RCA supports the
Pacific Northwest Section of International Dark Skies
The RCA Liaison to IDA is Dawn
For more information contact her at
Light pollution is any adverse
effect of artificial light, including sky glow, glare,
light trespass, light clutter, decreased visibility at night,
and energy waste.
Light pollution wastes energy,
disrupts global wildlife and ecological balance, and has been linked to negative
consequences in human health.
Mission of the IDA:
The mission of the International
Dark-Sky Association (IDA) is to preserve and protect the nighttime environment and our heritage of dark skies through quality
1. Stop the adverse effects of light pollution, including;
Energy waste, air and water pollution caused by energy
Harm to human health
Harm to nocturnal wildlife and ecosystems
Reduced safety and security
Reduced visibility at night
Poor nighttime ambience
2. Raise awareness about light
pollution, its adverse effects, and solutions
3. Educate about the values of
quality outdoor lighting.
The Oregon Legislature passed a
lighting bill on May 1st, 2009.
House Bill #3367 - HTML version -
Dave Ingram, NW Leader of IDA -
A 30 minute
discussion on how too much light can impact our life and our
environment, and what is being done about it from a radio
broadcast on 9/24/2013 -
Losing The Dark - a 6 minute
video published on Feb 2
Starry skies are a
vanishing treasure because light pollution is washing away our
view of the cosmos. It not only threatens astronomy, it disrupts
wildlife, and affects human health. The yellow glows over cities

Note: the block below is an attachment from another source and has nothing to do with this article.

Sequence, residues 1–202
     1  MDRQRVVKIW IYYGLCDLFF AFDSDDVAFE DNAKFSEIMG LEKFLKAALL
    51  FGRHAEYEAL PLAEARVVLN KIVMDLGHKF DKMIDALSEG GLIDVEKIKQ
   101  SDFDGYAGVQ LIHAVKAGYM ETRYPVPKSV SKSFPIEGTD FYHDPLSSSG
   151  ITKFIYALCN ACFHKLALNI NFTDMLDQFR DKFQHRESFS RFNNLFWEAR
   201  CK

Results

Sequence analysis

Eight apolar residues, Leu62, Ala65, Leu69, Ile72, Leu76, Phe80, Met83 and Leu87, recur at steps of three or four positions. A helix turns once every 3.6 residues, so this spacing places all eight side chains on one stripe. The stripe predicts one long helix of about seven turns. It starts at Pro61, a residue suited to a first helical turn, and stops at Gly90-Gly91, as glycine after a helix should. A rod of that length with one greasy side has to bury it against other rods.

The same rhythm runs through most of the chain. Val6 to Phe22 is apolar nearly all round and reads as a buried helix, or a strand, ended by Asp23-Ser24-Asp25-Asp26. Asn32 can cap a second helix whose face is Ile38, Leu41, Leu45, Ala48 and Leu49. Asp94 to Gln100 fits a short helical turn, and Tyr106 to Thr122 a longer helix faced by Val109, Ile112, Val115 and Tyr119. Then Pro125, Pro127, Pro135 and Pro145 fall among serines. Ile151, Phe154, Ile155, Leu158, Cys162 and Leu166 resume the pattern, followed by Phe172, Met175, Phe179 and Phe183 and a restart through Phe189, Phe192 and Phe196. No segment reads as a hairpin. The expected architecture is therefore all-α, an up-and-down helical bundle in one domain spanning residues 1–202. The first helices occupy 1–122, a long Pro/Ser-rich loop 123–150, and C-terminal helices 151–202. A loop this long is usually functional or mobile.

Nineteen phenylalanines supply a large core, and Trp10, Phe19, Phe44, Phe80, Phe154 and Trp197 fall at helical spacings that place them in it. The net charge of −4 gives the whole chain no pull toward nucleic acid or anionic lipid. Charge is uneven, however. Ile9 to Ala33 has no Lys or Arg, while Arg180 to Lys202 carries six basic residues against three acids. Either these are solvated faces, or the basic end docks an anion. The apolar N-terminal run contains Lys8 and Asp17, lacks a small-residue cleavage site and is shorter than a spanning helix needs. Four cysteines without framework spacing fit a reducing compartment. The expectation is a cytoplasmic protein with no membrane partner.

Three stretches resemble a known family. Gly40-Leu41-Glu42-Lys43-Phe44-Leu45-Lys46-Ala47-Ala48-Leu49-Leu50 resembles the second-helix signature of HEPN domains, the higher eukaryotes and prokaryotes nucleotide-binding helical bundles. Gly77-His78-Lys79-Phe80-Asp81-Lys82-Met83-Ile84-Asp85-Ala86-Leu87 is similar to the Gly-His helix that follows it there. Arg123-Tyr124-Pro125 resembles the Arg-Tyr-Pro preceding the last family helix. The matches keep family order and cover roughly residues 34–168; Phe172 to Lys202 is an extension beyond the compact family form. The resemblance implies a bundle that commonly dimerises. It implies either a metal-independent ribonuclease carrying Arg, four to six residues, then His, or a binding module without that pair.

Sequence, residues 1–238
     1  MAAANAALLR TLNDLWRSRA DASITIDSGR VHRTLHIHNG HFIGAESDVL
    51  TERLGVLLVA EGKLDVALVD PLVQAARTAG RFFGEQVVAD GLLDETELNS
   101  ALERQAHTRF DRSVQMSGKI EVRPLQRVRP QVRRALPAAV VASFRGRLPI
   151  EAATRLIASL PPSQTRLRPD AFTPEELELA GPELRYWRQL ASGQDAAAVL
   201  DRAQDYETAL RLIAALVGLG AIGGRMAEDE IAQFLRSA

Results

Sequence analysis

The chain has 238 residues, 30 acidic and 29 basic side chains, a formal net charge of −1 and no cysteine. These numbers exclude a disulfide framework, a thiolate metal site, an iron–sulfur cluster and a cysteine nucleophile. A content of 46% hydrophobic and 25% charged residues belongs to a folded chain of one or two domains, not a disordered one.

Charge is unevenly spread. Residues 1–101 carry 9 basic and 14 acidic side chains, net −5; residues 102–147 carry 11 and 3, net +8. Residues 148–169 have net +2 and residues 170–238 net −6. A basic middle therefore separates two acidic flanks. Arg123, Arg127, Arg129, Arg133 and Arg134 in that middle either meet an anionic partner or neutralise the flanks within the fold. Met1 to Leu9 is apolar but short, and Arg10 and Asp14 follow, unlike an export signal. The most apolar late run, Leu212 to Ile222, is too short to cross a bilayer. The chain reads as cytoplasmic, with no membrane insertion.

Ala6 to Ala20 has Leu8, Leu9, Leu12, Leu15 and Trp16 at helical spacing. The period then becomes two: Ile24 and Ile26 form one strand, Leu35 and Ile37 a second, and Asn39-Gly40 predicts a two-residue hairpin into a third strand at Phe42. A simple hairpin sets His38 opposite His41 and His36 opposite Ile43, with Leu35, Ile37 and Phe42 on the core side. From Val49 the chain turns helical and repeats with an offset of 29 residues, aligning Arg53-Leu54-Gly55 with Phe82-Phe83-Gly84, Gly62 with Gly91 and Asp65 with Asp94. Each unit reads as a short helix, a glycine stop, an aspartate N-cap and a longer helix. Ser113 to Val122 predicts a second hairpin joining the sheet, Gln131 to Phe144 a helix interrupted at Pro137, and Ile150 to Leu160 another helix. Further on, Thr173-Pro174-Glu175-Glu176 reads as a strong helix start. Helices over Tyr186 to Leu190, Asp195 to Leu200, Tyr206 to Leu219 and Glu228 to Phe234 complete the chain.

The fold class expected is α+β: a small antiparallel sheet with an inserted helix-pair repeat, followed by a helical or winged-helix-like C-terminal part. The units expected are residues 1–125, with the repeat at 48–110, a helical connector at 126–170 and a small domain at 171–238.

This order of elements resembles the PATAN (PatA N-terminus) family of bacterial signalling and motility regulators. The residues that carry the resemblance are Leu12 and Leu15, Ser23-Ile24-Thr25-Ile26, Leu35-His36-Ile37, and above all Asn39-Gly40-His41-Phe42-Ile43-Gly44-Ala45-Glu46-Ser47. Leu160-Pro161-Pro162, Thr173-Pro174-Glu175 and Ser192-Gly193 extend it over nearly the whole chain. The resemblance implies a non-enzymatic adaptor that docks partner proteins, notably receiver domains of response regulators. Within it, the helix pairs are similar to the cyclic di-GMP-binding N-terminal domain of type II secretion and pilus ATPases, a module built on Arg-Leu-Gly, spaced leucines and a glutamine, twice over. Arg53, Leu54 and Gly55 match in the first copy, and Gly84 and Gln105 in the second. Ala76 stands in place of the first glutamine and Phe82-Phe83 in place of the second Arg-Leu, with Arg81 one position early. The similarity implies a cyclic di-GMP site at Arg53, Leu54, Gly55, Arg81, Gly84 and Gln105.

and towns — seen so clearly from space — are testament to the
billions spent in wasted energy from lighting up the sky.
To help raise public awareness of some of the issues pertaining
to light pollution, Loch Ness Productions in collaboration with
the International Dark-Sky Association has created a 6.5-minute
"public service announcement" called Losing the Dark. It
introduces and illustrates some of the issues regarding light
pollution, and suggests three simple actions people can take to
help mitigate it.
Losing the Dark was initially created in fulldome video format
for digital planetarium use. It also has been made as a
conventional flat screen video, for use in classrooms, kiosks,
museum theaters, and advocate multimedia presentations. Classic
planetarium theaters without fulldome capability can show this
version using their traditional video projectors.
More information and links to downloads at:
Losing the Dark is a joint production of the International
Dark-Sky Association and Loch Ness Productions.